Suffolk places co-production at the heart of its strategy of support for adults with learning disabilities.

The Suffolk Learning Disability Partnership, an independent group of self-advocates, family carers, health and social care commissioners, police, Healthwatch Suffolk, voluntary organisations and housing providers, has co-produced a refresh of the Suffolk Joint Learning Disability Strategy.

The strategy aims to ensure that people with learning disabilities live good lives as part of their community with the right support, at the right time, from the right people. The original strategy was launched in 2015 and has helped to identify and explore specific needs, and given people and their families a voice in the development and commissioning of new services.  

Image by Ace Anglia

The refresh has placed the concept of co-production at its heart. Co-production means people, carers and professionals working together as equal partners to: design, develop, commission, deliver and review services, information and advice. This strategy reinforces the belief that services designed with input from the people they seek to support, are better suited to deliver upon their needs.

Beyond more opportunities for co-production in the development of new services, the strategy also acknowledges the opportunities for people with learning disabilities and autism to make use of new technologies and digital solutions to enhance accessibility to services, as well as improving and increasing information and communication and providing good advocacy and support.

Mark a Self-Advocate from Ace Anglia said; “Being part of the Strategy enables me to feed in My Voice and my personal experiences and speak up about issues that are important to me. The Learning Disability Strategy gives me a place where I can work in co-production and am treated as an equal where my views and opinions are respected and listened to.”   

People supporting the vision. Image by Ace Anglia.

Joel, another Self-Advocate from Ace Anglia said; “It is really important for people with Learning Disabilities to understand and be part of the future moving forward in Suffolk. My Voice is very important, and we must encourage other people with learning disabilities to come on board and be part of the future.”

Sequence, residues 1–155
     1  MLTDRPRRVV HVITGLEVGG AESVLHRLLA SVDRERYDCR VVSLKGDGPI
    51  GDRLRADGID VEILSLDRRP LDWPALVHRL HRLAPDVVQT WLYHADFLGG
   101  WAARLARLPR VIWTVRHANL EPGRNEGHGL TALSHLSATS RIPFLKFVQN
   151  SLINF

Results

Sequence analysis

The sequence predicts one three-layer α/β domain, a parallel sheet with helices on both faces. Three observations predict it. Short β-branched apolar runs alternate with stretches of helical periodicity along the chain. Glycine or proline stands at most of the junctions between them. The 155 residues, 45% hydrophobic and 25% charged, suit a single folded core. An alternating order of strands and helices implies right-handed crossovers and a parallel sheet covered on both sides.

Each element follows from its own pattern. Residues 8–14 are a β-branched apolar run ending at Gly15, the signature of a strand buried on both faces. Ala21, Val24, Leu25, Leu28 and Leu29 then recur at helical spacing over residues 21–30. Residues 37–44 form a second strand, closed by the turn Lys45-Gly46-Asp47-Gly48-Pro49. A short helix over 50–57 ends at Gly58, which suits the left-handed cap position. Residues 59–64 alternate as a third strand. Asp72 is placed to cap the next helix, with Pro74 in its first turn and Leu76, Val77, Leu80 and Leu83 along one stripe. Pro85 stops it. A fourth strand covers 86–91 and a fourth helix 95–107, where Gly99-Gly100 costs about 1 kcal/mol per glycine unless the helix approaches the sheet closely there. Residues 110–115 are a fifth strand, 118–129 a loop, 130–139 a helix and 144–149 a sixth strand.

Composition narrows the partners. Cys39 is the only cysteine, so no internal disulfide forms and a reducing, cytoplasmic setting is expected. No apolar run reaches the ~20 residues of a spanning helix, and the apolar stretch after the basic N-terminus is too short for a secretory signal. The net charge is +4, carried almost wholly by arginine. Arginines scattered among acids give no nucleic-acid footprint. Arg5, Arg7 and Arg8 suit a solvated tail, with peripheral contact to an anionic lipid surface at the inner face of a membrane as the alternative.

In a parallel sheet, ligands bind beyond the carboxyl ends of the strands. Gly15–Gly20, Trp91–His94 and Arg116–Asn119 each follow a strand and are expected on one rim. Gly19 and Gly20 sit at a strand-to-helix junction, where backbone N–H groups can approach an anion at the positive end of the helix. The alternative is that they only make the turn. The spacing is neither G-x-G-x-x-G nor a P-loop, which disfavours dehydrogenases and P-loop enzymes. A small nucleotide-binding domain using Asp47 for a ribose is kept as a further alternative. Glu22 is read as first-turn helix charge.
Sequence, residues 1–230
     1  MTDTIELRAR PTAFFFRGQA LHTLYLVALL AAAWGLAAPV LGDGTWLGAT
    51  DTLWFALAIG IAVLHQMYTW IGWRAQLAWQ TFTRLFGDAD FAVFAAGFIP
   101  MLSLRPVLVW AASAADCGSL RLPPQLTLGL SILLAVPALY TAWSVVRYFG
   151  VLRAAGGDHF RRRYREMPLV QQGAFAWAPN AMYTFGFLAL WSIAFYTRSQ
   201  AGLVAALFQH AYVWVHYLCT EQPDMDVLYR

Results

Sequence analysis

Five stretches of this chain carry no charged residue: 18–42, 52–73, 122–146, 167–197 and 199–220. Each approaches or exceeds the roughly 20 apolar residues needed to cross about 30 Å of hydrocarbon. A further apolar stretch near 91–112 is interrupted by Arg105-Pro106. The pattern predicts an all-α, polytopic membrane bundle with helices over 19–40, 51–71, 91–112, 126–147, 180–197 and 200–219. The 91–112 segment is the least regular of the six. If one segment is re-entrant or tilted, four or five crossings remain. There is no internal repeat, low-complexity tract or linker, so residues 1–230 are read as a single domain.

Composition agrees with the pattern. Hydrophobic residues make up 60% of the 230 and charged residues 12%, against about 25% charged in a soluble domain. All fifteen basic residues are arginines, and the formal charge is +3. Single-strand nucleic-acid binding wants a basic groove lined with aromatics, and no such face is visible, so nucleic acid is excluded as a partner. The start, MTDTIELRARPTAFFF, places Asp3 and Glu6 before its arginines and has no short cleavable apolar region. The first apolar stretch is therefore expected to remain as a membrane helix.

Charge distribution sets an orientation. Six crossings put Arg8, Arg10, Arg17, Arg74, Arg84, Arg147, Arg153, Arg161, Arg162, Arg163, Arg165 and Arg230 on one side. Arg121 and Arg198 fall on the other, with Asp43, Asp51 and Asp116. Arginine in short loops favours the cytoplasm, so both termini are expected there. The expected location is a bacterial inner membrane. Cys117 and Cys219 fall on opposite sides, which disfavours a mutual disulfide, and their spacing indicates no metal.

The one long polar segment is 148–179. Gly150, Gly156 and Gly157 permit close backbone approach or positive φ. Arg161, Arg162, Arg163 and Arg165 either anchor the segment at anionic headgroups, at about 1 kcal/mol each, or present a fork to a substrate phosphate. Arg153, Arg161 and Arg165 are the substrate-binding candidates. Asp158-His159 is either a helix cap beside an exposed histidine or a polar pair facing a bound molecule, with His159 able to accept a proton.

Kate and Phil, both family carers for people with learning disabilities said “Working together to support people to live good lives – caring is what makes the Suffolk Learning Disability Strategy powerful for parents, families and carers, and being listened to. The commitment of everyone to the strategy vision and test is the essential reassurance that our family members are cared for and cared about and are living their lives fully, independently and as part of our families.” 

Councillor Beccy Hopfensperger, Cabinet Member for Adult Social Care, said; “I would like to thank all those people, carers, organisations and others who have worked together to help refresh this important strategy for Suffolk, especially given the recent challenges of the pandemic. I agree entirely with the vision, that people with learning disabilities should be able to live good lives within communities with the right support.  I hope this strategy will help us continue to work together to develop services which further support this vision.”  

Wendy Scott, Head of Quality: Mental Health, Learning Disability and Autism at both West Suffolk and Ipswich and East Suffolk Clinical Commissioning Groups said: “It’s great to be part of, and to have the Suffolk Learning Disability Strategy. Our values for coproduction as equal partners support the Suffolk system to reduce inequalities, improving health and wellbeing”   

You can read the strategy in full by visiting www.suffolkordinarylives.co.uk/suffolk-joint-learning-disability-strategy

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